Why not buy a former council house?
Often RICS valuers will comment that there is a negative effect of a property being an ex-local authority house. We tend to take a different view. You can get very good value for money because ex-council houses are often solidly built and in convenient locations.
The residents on such estates have often lived there for long periods of time. Many may have purchased their houses under the Right to Buy scheme. If you can see that the properties on an estate vary significantly in the details, probably the right to buy has been exercised frequently! For instance, look for changed window openings, roof coverings of a different style, render being applied to brick faced buildings and extensions being added.
You can often buy such properties at a discount. However, be aware of an element of risk with regards to ex local authority housing that has purchased under Right to Buy. Your solicitor should check on potential buy-back arrangements or the correct time-period having elapsed between purchase from the Local Authority and the period within which there is no claw back on the price.
Designs and Acronyms
Local authority properties constructed before the Second World War are often well-built and to an exact design such as the early 1920’s REA25s. These were built in Seamills, Bedminster and Hillfields. They were built in terraces of four houses, often with an alleyway through the middle; they have hipped roofs at each end. A similar design is the BOA25s. These styles led the way in council housing in Bristol, designed and built by the Local Authority.
The later Bristol-designed WSA2 makes up some of the 1920’s housing stock; they are readily recognisable and found in large numbers in Shirehampton and Hillfields. These normally have a large open plan Kitchen and an open plan Lounge running front to back.
In the 1930’s the WDB5 made up a large proportion of the council housing stock. These are found in Southmead, Horfield, Bedminster and Knowle, and tend to front the wider roads in the area. They were called ‘parlour houses’ as they had a separate front parlour or snug, normally later used as a Dining Room. They were also equipped with small cupboards and had a coal shed on the ground floor running from side to side across the back. The small cupboards and parlour walls created fussy little rooms; these have normally been removed and large open plan lounges and kitchen-diners created.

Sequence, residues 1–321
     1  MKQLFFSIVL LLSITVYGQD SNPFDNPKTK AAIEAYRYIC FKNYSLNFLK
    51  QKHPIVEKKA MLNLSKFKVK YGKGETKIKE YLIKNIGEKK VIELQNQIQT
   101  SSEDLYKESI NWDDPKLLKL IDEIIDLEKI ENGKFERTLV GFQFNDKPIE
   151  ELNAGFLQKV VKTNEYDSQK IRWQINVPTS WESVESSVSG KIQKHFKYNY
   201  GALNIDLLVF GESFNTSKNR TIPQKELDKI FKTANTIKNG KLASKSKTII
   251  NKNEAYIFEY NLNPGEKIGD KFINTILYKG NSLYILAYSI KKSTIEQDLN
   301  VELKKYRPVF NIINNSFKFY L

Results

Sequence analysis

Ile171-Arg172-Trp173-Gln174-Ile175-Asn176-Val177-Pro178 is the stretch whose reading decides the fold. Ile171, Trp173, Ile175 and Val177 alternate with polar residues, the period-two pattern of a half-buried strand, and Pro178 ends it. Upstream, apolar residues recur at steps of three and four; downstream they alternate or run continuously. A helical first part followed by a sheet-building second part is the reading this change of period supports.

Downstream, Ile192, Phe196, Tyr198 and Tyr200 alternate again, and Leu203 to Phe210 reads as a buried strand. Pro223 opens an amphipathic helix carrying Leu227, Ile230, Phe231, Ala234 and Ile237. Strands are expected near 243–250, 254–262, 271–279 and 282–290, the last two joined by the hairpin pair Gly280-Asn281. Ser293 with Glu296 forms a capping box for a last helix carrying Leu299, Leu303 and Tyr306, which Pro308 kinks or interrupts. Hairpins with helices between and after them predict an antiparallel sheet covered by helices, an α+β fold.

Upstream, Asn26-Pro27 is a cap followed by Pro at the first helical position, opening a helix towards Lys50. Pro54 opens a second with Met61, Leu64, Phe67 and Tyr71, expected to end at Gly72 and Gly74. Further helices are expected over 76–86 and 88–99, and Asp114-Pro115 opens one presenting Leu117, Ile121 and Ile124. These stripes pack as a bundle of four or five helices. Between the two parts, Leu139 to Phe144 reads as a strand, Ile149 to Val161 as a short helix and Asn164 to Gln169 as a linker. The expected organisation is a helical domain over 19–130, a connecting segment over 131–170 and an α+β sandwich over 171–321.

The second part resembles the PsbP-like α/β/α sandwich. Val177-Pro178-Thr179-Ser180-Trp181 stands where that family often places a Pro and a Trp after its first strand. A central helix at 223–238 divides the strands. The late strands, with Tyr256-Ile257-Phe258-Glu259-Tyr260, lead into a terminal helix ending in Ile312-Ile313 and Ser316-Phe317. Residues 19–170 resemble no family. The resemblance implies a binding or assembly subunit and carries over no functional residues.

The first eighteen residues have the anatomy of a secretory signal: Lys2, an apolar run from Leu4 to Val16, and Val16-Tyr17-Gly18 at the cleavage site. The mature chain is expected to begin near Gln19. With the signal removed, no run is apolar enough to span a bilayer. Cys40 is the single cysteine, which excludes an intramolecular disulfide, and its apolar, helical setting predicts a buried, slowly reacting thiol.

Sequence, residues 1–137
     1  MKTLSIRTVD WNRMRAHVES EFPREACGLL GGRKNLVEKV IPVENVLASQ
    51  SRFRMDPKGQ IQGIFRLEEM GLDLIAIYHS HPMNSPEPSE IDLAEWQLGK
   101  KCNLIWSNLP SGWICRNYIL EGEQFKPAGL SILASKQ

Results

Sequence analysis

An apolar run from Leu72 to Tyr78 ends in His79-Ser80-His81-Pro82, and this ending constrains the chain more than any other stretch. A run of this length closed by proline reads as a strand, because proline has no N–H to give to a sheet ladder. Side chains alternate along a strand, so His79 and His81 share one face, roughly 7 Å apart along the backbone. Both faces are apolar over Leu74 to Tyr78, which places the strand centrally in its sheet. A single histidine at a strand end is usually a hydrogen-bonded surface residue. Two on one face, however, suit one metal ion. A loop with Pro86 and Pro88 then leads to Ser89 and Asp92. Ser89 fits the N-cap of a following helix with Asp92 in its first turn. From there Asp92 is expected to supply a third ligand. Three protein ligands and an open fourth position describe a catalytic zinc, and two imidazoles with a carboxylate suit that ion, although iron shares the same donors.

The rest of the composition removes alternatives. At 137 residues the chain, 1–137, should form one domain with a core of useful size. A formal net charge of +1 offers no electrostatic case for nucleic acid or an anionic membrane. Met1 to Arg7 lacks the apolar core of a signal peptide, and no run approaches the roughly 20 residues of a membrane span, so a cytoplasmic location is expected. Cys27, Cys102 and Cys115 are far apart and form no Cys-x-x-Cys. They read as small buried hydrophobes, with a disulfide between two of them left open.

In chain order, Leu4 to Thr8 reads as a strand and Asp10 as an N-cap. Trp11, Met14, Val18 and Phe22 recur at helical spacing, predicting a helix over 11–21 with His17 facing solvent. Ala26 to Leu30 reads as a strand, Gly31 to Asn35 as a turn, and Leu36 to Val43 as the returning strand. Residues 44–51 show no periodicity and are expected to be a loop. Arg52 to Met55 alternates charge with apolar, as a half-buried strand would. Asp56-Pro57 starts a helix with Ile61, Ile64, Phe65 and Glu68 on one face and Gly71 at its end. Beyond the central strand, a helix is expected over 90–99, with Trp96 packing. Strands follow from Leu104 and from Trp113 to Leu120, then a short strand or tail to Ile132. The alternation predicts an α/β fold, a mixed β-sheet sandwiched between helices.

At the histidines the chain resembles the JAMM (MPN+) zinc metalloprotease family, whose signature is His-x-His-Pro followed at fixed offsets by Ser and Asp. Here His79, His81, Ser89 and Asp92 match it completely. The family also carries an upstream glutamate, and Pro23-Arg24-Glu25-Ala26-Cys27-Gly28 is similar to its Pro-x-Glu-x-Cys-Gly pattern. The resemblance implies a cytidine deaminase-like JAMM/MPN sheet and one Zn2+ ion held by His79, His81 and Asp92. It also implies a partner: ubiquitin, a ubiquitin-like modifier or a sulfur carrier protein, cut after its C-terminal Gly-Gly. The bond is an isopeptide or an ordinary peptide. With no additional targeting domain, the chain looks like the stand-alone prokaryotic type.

In the later 1930’s a collaboration between two architects created the HBA2 on council estates in Horfield and St Annes Park. These were fairly common and had a touch of flair – the four-house terraces are completed with a dutch gable type front with sloping eaves. These are becoming very popular due to their large gardens and close proximity to Gloucester Road. The valley roof constructions of this type of flared gable front can suffer from water ingress issues. However these are relatively easy to fix and once done correctly can give many years of trouble-free service.
We have only touched on the extent of pre Second World War council housing around Bristol. There are many other codes that the design departments used to refer to their houses such as the A2, CEA2, D5, CNH25 and HBB2. These were normally abbreviated from the original designer’s initials. There were other speciality designs such as the “aged couples flats”.This terminology may not be politically correct nowadays, but is a reminder of a bygone era.